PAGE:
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Thread: Why are Urostomies not reversible?

  1. #1

    Why are Urostomies not reversible?

    This may be a silly question but I can't find the answer anywhere? Why are urostomies not reversible when I routinely hear of reversible colostomies? Is it because there is only so much tubing (urethers) to work with? Also, I have heard of a handful of cases where an incontinent urostomy was initially done and a continent urostomy done some years later, is this a rare occurence? Is this possible in all cases or?

    It's been proposed to me as a possibility but I really hate that this is a permanent thing and since docs are uncertain it'll help, I may be out of options if it doesn't work.

    Any ideas? SCI Nurse maybe? Thx!

  2. #2
    You hit the nail, right on the head, so to speak regarding the colostomy vs urostomy difference. It is not possible to tell you that they can make the incontinent urostomy into a continent one without knowing a lot more information. This is a question for your surgeon. Sorry I can not be more helpful.
    ckf

  3. #3
    Senior Member lynnifer's Avatar
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    This has been presented to me as an option as well. I'm wondering do they remove the bladder totally or what?
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  4. #4
    Quote Originally Posted by SCI-Nurse View Post
    You hit the nail, right on the head, so to speak regarding the colostomy vs urostomy difference. It is not possible to tell you that they can make the incontinent urostomy into a continent one without knowing a lot more information. This is a question for your surgeon. Sorry I can not be more helpful.
    ckf
    Thanks, you were quite helpful!

  5. #5
    Quote Originally Posted by lynnifer View Post
    This has been presented to me as an option as well. I'm wondering do they remove the bladder totally or what?
    Good question, from what I've heard of people who had it done due to SCI or whatever, they can either leave it or take it out (I'm guessing in cases like cancer they'd take it out, obviously). I don't see the use in leaving it in if it serves no purpose other than possibly get infected or cause more issues. But who knows. I have a list of questions for the surgeon whenever I get the chance, that'll prob be one of them!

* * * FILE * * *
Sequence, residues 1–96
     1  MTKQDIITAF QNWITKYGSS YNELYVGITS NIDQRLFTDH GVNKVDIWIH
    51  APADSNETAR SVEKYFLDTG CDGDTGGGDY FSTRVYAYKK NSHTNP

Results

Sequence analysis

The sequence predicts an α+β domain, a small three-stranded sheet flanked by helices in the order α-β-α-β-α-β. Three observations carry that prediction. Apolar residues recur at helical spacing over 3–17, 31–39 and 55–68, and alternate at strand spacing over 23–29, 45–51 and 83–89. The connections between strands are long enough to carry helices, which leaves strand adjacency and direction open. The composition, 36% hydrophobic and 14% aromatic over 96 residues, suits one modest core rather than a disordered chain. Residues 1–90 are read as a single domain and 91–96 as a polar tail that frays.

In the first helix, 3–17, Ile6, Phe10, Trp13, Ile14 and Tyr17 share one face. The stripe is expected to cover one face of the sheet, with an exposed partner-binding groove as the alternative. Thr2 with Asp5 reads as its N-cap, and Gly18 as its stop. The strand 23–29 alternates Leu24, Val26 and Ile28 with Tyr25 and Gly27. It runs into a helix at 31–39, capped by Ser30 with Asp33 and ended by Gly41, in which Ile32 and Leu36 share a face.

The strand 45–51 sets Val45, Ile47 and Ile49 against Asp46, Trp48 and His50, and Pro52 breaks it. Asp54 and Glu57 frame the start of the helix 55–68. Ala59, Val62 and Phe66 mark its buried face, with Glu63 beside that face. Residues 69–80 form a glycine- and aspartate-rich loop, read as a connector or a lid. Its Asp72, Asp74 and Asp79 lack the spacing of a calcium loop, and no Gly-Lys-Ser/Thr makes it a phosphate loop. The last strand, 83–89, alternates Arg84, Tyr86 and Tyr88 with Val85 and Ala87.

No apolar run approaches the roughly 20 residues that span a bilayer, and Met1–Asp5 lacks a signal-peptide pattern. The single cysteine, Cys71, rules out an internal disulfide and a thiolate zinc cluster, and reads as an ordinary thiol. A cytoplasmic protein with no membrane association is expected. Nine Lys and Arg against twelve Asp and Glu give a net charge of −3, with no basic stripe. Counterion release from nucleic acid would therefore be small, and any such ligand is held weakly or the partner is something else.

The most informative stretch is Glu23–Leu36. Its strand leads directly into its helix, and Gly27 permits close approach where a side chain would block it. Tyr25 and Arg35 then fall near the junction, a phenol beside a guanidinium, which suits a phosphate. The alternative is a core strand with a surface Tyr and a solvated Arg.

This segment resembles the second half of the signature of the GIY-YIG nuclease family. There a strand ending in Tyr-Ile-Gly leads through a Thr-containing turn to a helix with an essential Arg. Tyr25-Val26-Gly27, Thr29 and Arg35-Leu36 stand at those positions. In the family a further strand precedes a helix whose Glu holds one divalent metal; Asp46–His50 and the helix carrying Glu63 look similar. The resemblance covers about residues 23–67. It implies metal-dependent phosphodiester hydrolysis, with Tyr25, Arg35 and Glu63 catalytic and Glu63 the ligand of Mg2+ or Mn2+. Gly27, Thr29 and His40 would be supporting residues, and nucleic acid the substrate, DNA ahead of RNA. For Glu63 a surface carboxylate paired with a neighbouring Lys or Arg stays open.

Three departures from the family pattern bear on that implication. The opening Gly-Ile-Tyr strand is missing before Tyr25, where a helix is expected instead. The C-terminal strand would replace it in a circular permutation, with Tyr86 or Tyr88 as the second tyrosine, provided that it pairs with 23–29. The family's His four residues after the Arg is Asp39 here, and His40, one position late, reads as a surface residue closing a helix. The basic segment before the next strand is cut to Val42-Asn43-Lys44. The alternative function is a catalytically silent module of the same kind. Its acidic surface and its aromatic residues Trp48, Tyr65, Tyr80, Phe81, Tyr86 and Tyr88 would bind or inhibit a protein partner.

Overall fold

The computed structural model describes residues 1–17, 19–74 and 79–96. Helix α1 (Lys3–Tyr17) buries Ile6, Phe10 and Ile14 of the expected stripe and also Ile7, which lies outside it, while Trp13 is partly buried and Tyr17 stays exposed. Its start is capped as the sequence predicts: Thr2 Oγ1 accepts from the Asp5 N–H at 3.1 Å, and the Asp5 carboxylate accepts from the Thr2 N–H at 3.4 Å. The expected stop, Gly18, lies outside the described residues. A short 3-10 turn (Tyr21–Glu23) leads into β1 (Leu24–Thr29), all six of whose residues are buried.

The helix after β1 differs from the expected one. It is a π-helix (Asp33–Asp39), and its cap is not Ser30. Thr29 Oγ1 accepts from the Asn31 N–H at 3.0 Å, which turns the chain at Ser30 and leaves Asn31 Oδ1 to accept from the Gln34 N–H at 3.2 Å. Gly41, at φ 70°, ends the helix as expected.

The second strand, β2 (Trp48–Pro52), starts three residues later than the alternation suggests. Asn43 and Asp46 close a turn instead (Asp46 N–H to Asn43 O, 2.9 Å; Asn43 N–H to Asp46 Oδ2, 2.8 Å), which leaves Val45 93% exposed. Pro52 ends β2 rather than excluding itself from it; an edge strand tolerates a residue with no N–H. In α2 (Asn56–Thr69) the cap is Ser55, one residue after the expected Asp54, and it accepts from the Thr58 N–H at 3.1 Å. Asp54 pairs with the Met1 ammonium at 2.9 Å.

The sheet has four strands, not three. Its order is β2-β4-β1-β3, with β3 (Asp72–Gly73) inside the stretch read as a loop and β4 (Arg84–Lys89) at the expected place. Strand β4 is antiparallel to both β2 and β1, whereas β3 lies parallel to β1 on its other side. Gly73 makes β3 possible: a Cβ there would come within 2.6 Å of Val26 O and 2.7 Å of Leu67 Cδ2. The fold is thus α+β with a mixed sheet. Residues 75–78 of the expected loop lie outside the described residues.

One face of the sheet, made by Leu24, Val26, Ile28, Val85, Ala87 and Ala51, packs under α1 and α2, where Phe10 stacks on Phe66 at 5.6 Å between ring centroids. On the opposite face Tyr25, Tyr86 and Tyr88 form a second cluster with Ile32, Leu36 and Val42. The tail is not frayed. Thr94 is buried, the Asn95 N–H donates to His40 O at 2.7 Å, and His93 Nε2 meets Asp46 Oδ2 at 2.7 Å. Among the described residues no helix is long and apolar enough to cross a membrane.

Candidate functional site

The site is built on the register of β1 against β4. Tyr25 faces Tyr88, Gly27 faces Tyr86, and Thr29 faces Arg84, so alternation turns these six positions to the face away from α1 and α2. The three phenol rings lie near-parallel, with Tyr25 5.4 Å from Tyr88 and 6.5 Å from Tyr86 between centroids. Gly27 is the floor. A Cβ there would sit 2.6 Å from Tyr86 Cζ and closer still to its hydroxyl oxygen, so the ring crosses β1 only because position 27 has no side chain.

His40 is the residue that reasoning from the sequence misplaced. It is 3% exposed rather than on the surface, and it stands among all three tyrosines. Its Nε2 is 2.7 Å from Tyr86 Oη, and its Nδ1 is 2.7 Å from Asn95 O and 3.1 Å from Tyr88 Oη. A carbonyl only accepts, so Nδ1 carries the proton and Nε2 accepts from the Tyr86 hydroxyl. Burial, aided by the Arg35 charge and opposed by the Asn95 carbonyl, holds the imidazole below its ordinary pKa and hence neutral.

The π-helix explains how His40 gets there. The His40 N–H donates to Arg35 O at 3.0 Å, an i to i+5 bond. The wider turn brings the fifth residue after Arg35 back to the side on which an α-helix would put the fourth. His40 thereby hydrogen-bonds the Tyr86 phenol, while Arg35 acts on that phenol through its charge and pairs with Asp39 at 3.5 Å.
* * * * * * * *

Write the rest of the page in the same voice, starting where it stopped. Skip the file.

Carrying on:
6. #6
    Not all colostomies can be reversed.

    For urostomies, many times they are done because the bladder needs to be removed (cancer, etc.), so obviously could not be reversed for that reason. Also, the ureters may not be long enough any more to reach the bladder if a fairly high urostomy was done, esp. if a ileal conduit. I did have one client who had his redone by using his ileal conduit converted to an augmentation of his bladder. It looks very strange when imaged, but it works, and he went back to using intermittent cath after many years of having an ileal conduit, but choice of this urinary management system should not be done with the plan that it only be temporary. These are big surgical procedures. Removing the bladder is not easy, and would make the surgery even bigger, so unless it is absolutely necessary, it is usually left in place.

    (KLD)

  7. #7
    They removed my bladder 2 weeks after my illeal conduit was done. In my case the cystectomy was more of a surgical undertaking than the conduit construction because of adhesions and other problems caused by chronic infection. The urologist concluded that leaving it in would provide a host for future infections and other problems.
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  8. #8
    Yes, each case would be decided individually.

    (KLD)

  9. #9
    Here is an instructional video re: illeal conduit. Also if you have the stomach for blood and guts do a youtube search for "illeal conduit." You will find a number of videos of the procedure. Increasingly they are doing the procedure laprascopically with robotic assistance on suitable patients. That can speed recovery because small incisions are used.

    You will find a guide to preserving shoulder function @
    http://www.rstce.pitt.edu/RSTCE_Reso...imb_Injury.pdf

    See my personal webpage @
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